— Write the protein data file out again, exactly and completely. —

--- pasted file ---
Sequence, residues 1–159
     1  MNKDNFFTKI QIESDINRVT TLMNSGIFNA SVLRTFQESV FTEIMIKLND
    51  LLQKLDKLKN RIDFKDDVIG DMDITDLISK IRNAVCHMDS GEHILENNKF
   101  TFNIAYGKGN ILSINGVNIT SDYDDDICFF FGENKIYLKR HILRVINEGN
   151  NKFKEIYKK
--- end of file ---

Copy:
Sequence, residues 1–159
     1  MNKDNFFTKI QIESDINRVT TLMNSGIFNA SVLRTFQESV FTEIMIKLND
    51  LLQKLDKLKN RIDFKDDVIG DMDITDLISK IRNAVCHMDS GEHILENNKF
   101  TFNIAYGKGN ILSINGVNIT SDYDDDICFF FGENKIYLKR HILRVINEGN
   151  NKFKEIYKK